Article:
A supporter of Irish reunification, Livingstone had connections with the left-wing Irish republican party Sinn Féin and on 21 July, met with Mrs Alice McElwee, the mother of an imprisoned member of the Provisional Irish Republican Army (IRA), Thomas McElwee, then taking part in the 1981 Irish hunger strike. Mrs McElwee had originally been invited to speak to the London Labour group on the situation of the hunger strikers by GLC councillor Andy Harris, a member of the Labour Committee on Ireland, and Livingstone took the time to privately meet with her. That same day, Livingstone publicly proclaimed his support for those prisoners on hunger strike, claiming that the British government's fight against the IRA was not "some sort of campaign against terrorism" but was in fact "the last colonial war." He was heavily criticised for this meeting and his statements in the mainstream press, while Prime Minister Thatcher claimed that his comments constituted "the most disgraceful statement I have ever heard." He would soon after meet with the three sons of Yvonne Dunlop, an Irish Protestant who had been killed in McElwee's bomb attack, on their visit to London.
On 10 October, the IRA bombed London's Chelsea Barracks, killing 2 and injuring 40, including 23 soldiers. Denouncing the attack, Livingstone informed members of the Cambridge University Tory Reform Group that it was a misunderstanding to view the IRA as "criminals or lunatics" because of their strong political motives and that "violence will recur again and again as long as we are in Ireland." The mainstream press criticising him for these comments, The Sun labeling him "the most odious man in Britain". In response, Livingstone held a press conference, proclaiming that the press coverage had been "ill-founded, utterly out of context and distorted", reiterating his opposition both to the IRA's attacks and to British rule in Northern Ireland. Anti-Livingstone pressure mounted and on 15 October he was publicly attacked in the street, being sprayed with red aerosol paint by members of The Friends of Ulster. In a second incident, Livingstone was attacked by far right skinheads shouting "commie bastard" at the Three Horseshoes Pub in Hampstead. Known as "Green Ken" among Ulster Unionists, Unionist paramilitary Michael Stone of the Ulster Defence Association plotted to kill Livingstone, only abandoning the plan when he became convinced that the security services were onto him.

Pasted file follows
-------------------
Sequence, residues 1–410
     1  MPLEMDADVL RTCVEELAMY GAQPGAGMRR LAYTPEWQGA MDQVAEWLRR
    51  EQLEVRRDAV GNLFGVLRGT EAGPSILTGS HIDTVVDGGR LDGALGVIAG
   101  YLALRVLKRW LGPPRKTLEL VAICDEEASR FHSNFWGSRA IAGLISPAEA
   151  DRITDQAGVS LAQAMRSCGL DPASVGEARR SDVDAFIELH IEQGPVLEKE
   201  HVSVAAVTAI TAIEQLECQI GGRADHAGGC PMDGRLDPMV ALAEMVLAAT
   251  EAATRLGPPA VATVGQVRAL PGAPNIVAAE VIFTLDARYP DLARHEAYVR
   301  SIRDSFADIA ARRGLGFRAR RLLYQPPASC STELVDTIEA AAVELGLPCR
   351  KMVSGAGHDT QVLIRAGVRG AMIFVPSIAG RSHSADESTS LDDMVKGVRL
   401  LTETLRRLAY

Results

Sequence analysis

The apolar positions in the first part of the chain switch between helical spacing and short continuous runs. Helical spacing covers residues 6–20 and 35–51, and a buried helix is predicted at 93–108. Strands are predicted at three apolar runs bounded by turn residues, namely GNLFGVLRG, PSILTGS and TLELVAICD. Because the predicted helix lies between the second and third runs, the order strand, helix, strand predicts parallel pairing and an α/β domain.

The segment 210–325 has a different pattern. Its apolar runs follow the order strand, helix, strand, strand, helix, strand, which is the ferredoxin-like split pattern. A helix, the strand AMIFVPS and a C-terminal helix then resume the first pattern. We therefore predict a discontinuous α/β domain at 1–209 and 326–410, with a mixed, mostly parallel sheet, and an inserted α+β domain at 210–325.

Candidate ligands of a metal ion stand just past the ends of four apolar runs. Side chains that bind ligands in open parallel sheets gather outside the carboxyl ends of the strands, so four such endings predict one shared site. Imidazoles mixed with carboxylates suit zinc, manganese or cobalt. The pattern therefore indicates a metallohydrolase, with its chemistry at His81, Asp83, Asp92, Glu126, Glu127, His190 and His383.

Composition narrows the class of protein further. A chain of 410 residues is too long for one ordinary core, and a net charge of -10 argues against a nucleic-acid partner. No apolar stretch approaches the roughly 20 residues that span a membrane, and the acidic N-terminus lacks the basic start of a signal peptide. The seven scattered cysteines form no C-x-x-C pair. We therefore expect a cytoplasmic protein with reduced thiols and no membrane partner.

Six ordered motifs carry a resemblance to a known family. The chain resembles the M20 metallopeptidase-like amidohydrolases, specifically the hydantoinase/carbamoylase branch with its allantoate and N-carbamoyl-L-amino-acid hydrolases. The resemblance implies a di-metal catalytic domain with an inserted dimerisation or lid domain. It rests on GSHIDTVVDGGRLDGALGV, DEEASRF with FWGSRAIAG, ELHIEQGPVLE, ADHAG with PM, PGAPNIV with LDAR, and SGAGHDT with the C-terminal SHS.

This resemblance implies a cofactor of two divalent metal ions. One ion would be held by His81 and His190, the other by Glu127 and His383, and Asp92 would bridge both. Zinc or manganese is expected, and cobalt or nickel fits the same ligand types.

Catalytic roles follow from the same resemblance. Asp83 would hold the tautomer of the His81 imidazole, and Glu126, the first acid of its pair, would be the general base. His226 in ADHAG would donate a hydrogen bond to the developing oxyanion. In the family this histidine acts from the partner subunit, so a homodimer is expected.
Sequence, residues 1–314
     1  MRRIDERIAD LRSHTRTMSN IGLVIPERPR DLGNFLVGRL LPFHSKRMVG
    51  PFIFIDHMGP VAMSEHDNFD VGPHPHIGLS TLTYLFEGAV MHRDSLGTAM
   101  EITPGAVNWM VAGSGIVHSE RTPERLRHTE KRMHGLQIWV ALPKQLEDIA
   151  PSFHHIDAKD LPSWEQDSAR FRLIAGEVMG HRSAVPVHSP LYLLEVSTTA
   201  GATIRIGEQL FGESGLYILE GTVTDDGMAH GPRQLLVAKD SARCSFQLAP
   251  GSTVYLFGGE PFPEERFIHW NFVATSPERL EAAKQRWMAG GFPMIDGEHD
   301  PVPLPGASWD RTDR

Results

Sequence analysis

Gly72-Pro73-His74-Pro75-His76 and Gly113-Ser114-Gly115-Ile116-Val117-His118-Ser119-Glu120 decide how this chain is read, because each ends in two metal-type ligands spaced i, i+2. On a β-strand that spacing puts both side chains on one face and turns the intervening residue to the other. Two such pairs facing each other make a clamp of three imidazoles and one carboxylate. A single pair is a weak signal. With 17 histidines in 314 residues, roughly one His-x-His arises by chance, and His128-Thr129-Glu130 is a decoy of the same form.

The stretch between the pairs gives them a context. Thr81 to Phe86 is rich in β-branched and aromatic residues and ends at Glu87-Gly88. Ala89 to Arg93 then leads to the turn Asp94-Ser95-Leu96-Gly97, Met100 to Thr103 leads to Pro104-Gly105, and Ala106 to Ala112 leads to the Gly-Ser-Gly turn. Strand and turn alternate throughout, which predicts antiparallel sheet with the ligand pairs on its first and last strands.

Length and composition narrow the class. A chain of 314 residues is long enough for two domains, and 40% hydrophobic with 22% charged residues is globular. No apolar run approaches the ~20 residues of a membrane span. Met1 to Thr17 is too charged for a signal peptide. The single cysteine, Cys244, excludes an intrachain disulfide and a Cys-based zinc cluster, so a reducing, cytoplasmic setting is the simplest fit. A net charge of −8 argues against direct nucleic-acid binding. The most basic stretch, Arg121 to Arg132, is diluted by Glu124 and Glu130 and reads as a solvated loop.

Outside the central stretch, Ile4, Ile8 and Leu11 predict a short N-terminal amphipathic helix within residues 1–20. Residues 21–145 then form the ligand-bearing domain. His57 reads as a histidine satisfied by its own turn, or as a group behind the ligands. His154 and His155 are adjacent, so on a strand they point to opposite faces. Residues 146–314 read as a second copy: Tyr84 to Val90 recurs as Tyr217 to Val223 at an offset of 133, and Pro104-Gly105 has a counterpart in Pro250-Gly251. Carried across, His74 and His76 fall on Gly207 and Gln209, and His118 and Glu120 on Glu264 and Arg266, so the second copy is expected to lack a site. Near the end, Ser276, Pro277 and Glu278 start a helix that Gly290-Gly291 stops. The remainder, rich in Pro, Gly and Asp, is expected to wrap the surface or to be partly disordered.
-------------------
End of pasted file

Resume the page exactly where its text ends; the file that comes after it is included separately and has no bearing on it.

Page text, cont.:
Livingstone agreed to meet Gerry Adams, Sinn Féin President and IRA-supporter, after Adams was invited to London by Labour members of the Troops Out campaign in December 1982. The same day as the invitation was made, the Irish National Liberation Army (INLA) bombed The Droppin Well bar in Ballykelly, County Londonderry, killing 11 soldiers and 6 civilians; in the aftermath, Livingstone was pressured to cancel the meeting. Expressing his horror at the bombing, Livingstone insisted that the meeting proceed, for Adams had no connection with the INLA, but Conservative Home Secretary Willie Whitelaw banned Adams' entry to Britain with the 1976 Prevention of Terrorism (Temporary Provisions) Act. On 26 and 27 February 1983, Livingstone visited Adams in his constituency of West Belfast in Northern Ireland, receiving a hero's welcome from the local republican community. In July 1983, Adams finally came to London on the invite of Livingstone and MP Jeremy Corbyn, allowing him to present his views to a mainstream British audience through televised interviews. On 26 August, Livingstone was interviewed on Irish state radio, proclaiming that Britain's 800-year occupation of Ireland was more destructive than the Holocaust; he was publicly criticised by Labour members and the press.